CANAPE: Five months of change at Hickling Broad
When work began five months ago, there was only an open expanse of water. The months of hard work have seen a major transformation, with major progress made towards the objective of having a hectare of new reedbed in Chara Bay to replace an area lost to erosion over the last 50 years. This construction is reusing sediment from dredging the marked channel in Hickling Broad and the upper Thurne. The deeper water should make navigation easier, and reduce the stirring of sediment in the Broad by boat propellers, improving the water quality.
Aerial view of Chara Bay, Hickling Broad, June 2018.
Starting from an empty expanse of water, the Broads Authority construction team have done a fantastic job to establish the perimeter of the area over the winter, and make substantial progress in the dredging of the Broad.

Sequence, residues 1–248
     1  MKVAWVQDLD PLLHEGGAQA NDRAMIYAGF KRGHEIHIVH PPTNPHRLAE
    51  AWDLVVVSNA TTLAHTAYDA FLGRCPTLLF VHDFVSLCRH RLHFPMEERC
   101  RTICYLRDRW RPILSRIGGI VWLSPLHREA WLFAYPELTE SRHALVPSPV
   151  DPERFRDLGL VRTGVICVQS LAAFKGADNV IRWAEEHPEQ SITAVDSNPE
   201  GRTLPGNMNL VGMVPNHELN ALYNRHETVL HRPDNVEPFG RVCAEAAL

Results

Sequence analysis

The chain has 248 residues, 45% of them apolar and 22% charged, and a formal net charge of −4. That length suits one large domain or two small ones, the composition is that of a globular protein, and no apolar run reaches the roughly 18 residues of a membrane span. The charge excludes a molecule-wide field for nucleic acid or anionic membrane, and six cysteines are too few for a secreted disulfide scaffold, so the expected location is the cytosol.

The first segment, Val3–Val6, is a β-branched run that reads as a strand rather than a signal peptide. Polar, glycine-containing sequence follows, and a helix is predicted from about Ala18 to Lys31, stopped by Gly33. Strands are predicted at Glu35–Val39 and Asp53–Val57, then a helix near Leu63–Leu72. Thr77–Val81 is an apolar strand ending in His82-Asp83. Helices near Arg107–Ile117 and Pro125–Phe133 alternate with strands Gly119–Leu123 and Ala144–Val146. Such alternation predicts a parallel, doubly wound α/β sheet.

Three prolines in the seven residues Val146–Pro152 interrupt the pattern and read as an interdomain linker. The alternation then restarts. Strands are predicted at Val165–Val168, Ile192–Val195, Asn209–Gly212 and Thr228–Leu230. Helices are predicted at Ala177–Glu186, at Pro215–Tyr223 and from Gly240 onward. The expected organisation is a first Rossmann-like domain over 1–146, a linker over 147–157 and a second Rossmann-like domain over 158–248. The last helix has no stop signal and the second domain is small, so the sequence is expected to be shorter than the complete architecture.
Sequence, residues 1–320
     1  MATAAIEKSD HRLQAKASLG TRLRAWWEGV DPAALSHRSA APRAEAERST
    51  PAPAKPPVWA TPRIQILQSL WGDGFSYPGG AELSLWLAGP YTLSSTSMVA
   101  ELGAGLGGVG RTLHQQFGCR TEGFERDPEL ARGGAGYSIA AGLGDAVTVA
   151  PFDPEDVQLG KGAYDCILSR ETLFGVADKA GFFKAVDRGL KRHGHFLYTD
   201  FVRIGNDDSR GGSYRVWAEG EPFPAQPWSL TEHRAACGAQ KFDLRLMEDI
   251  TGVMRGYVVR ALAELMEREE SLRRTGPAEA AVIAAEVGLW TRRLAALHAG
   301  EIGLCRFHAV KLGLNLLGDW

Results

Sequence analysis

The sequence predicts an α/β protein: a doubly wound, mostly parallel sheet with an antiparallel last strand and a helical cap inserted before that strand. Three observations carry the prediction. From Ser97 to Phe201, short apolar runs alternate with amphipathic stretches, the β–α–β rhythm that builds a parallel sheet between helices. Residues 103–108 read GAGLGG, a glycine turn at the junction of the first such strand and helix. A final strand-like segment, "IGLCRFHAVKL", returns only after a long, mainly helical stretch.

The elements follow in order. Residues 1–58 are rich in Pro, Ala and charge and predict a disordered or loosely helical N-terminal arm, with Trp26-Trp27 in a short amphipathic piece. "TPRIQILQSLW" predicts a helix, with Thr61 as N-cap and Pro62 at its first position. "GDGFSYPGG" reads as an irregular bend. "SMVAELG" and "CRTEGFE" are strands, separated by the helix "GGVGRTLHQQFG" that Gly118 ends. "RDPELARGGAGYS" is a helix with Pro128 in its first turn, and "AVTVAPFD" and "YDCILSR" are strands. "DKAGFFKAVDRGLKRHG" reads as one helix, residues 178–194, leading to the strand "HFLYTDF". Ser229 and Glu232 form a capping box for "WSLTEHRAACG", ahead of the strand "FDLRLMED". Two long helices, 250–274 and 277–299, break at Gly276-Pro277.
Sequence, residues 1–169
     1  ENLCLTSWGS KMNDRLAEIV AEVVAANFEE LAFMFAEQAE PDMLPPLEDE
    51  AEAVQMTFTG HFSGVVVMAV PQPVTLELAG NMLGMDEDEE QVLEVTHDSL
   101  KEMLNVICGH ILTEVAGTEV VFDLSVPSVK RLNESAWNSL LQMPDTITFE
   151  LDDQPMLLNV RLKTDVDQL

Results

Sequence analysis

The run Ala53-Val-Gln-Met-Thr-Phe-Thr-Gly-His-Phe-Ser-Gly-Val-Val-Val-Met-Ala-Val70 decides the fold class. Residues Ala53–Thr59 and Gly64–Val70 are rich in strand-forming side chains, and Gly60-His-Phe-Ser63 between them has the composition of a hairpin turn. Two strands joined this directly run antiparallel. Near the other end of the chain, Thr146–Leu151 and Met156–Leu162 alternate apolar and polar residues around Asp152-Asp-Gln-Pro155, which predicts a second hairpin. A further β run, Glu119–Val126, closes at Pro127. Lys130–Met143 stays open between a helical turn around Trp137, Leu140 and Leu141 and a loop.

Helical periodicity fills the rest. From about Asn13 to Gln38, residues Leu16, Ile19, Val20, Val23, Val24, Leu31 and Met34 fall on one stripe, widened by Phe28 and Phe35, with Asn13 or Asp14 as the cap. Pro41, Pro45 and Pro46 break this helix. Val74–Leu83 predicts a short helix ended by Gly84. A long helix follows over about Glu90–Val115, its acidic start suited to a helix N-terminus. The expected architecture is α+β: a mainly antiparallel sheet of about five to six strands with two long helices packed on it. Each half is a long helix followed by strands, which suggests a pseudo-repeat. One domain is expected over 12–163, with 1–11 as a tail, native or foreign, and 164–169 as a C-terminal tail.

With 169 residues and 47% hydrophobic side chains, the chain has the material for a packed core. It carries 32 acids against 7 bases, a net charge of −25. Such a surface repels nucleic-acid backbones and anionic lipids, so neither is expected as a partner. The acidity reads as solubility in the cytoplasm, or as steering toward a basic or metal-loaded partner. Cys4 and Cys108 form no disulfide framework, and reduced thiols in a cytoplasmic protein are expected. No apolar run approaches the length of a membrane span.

This was the first season of work in a 3 year project, with the ambition to have a stable and secure boundary in place before the spring temperatures prevented further working. In order to avoid environmental damage, works can only take place during winter months.
The first step was to dig a trench around the perimeter, and hammer in alder poles to form a solid frame. Once these were in place, the geotextile tubes that will form the perimeter were unrolled and tied down between the poles. After starting work at the end of October, by Mid-December the Poles had formed the outline of the area, and the first bags had been filled with sediment.
Progress by Mid-December
Work from January to March completed the "cashew," with 9 bags creating a total of 450m of perimeter bank for the new peninsula.
For a visual impression of the process, see the video below.
Overall, just over 5,000 cubic metres of sediment have been taken from the marked channel area of the Broad, and loaded into a concrete pump to be powered into the tubes. The tubes, now inflated, will form the permanent edge to this area of land.
Chara Bay April 2019